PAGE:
I will warn you now, a bad pun is coming, as sure as my compulsive need to wash my car an average of more than once a week. I believe donkeys are God’s amb-ASS-adors of humility. Think about it. We find Samson using a lowly donkey jawbone to whack the bad guys. What, no knife or club? And with that hair, Samson really didn’t need a weapon at all…just his super-powered bare hands. But a donkey jawbone it was.
And who can forget Balaam’s talking donkey? After taking a wicked triple beating, this little critter’s mouth opened to actually speak God’s words to crazy-mean Balaam. Straightened him right up, too. Don’t know about you, but if a donkey starts talking to me, I’m listening and writing it down. Heck, I might even open a Twitter account for that. “Tweets from a Bad Ass.” Nah! I will tell you right now, a bad ass does many things but tweeting is not one of them.
Then we have perhaps the donkey’s finest hour…as the vehicle of choice of the Lord Jesus Christ Himself for His Triumphal Entry into Jerusalem. The King of Kings aboard a lowly donkey! What a rich statement that made. Why not a majestic white high-stepping stallion? Just wouldn’t be right for the Carpenter King. Only a donkey would do. Indeed.
For all those reasons I brought Speedy the donkey with the broken ear home. Every time I see him I will think about being humble. Working hard. Doing my job. Being my burro-like self. Speedy will remind me daily that God chooses those with donkeyesque tendencies intentionally (“Consider your calling…not many wise, mighty or noble according to flesh…for God chooses the foolish things to shame the wise…” 1 Corinthians 1:26-29). Yep, donkeys. Worth some more thought for sure.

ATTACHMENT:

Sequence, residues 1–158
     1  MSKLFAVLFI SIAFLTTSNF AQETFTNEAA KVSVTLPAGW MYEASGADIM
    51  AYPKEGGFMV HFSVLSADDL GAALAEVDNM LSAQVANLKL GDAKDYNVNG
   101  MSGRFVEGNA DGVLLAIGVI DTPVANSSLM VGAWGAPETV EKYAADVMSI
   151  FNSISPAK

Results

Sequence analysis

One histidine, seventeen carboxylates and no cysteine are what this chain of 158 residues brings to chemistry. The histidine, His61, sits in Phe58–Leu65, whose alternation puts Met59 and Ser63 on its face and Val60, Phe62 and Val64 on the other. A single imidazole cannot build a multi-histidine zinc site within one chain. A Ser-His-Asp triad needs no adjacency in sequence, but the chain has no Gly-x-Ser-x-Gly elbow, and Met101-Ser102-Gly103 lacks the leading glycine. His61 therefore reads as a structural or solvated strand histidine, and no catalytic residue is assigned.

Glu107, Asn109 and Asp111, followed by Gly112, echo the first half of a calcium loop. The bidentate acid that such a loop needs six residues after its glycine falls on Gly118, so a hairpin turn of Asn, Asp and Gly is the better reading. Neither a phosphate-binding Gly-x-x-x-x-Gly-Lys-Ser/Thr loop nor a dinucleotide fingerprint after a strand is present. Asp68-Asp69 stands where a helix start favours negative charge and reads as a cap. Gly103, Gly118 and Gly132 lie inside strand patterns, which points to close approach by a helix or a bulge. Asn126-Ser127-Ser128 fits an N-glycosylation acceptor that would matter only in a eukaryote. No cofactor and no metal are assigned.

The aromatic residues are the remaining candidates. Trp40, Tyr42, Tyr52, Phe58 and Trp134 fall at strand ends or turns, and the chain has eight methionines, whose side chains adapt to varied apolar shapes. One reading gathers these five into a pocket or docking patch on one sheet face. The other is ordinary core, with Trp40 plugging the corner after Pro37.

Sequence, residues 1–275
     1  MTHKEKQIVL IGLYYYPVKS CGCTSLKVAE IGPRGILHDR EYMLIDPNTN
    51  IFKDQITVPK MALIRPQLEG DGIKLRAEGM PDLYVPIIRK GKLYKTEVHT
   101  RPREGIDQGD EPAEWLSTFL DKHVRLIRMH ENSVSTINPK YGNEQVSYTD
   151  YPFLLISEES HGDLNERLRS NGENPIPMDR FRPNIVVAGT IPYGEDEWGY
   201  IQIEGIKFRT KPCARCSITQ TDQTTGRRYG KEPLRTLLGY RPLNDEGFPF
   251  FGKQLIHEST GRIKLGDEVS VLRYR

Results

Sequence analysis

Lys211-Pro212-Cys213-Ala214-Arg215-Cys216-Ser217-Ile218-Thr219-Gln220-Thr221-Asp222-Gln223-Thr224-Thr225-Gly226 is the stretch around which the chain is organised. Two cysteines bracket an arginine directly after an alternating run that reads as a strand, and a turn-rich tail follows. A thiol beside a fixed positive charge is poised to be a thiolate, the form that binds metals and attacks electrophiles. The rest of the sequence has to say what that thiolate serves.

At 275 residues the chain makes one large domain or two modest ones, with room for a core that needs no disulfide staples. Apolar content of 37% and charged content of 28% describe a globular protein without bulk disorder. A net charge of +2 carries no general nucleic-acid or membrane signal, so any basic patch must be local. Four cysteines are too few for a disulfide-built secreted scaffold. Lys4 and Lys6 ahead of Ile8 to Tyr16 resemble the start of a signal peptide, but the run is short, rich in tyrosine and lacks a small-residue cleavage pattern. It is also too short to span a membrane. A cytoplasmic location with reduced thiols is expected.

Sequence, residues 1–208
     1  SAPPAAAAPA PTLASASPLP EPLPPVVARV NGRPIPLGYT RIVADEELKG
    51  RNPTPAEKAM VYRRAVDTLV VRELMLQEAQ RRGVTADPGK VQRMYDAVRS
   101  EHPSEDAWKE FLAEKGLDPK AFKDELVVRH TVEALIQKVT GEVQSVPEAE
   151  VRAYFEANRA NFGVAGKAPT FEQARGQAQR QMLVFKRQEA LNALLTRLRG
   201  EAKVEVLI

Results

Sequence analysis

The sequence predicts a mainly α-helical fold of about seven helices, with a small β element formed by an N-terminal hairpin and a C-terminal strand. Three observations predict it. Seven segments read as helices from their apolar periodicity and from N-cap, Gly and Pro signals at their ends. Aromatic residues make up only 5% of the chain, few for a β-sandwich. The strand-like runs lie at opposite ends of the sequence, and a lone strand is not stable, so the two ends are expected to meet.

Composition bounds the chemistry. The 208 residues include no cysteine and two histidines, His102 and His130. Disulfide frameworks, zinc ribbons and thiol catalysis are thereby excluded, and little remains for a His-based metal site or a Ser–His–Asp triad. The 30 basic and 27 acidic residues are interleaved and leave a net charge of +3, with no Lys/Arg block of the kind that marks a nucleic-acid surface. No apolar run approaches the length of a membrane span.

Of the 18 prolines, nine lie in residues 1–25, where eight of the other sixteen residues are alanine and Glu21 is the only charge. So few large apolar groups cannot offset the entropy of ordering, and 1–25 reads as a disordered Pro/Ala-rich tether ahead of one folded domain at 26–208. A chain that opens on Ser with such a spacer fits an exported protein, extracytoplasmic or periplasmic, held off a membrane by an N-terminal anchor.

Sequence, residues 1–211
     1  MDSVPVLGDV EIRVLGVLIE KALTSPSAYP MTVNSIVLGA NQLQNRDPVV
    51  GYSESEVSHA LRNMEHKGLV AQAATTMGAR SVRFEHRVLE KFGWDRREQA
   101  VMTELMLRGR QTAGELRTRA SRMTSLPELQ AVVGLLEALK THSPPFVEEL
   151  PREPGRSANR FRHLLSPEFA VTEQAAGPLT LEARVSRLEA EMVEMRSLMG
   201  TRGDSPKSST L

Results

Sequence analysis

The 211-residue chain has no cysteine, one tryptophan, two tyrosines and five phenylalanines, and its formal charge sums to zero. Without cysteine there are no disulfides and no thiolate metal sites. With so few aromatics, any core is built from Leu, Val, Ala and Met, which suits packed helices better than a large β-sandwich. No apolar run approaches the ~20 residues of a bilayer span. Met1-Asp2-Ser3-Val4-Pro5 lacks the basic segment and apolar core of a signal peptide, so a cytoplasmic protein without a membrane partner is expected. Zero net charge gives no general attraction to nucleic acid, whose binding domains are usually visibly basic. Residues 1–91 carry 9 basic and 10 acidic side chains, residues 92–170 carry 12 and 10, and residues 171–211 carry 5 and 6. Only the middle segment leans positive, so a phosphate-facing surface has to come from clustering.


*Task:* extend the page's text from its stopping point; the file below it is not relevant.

So I guess by my definition I am a bad ass…not in that cool, hipster sort of way meant as a compliment (I think) by my young friend Chris. Nope. I’m a bad ass in that I am a man who is broken like Speedy, who has fallen short, who is not particularly wise, mighty or noble, who carries a load, who has a strong sense of self-preservation, who requires others to win my loyalty, who smells funny (that’s why God made Old Spice), who is playful, and who would impress no one. When I see Speedy I’ll remember to thank God for using donkeys just like me. There is more to say about what I’ve learned from donkeys. Maybe another time around the pasture.
Now, on with the ear repair. Where’s my concrete epoxy? So you’ve made it this far! Thank you. And thanks to my “big brown four-footed brothers.” I hope I can get a real one someday. Here is C.S. Lewis’ poem, “The Ass.”
I woke and rose and slipt away
To the heathery hills in the morning grey.
In a field where the dew lay cold and deep
I met an ass, new-roused from sleep.
I stroked his nose and I tickled his ears,
And spoke soft words to quiet his fears.
His eyes stared into the eyes of me
And he kissed my hands of his courtesy.
“O big, brown brother out of the waste,
How do thistles for breakfast taste?
“And do you rejoice in the dawn divine
With a heart that is glad no less than mine?
“For, brother, the depth of your gentle eyes
Is strange and mystic as the skies:
“What are the thoughts that grope behind,
Down in the mist of a donkey mind?
“Can it be true, as the wise men tell,
That you are a mask of God as well,
“And, as in us, so in you no less
Speaks the eternal Loveliness,
“And words of the lips that all things know
Among the thoughts of a donkey go?
“However it be, O four-foot brother,
Fair to-day is the earth, our mother.
“God send you peace and delight thereof,
And all green meat of the waste you love,
“And guard you well from violent men
Who’d put you back in the shafts again.”
But the ass had far too wise a head
To answer one of the things I said,
So he twitched his fair ears up and down
And turned to nuzzle his shoulder brown.”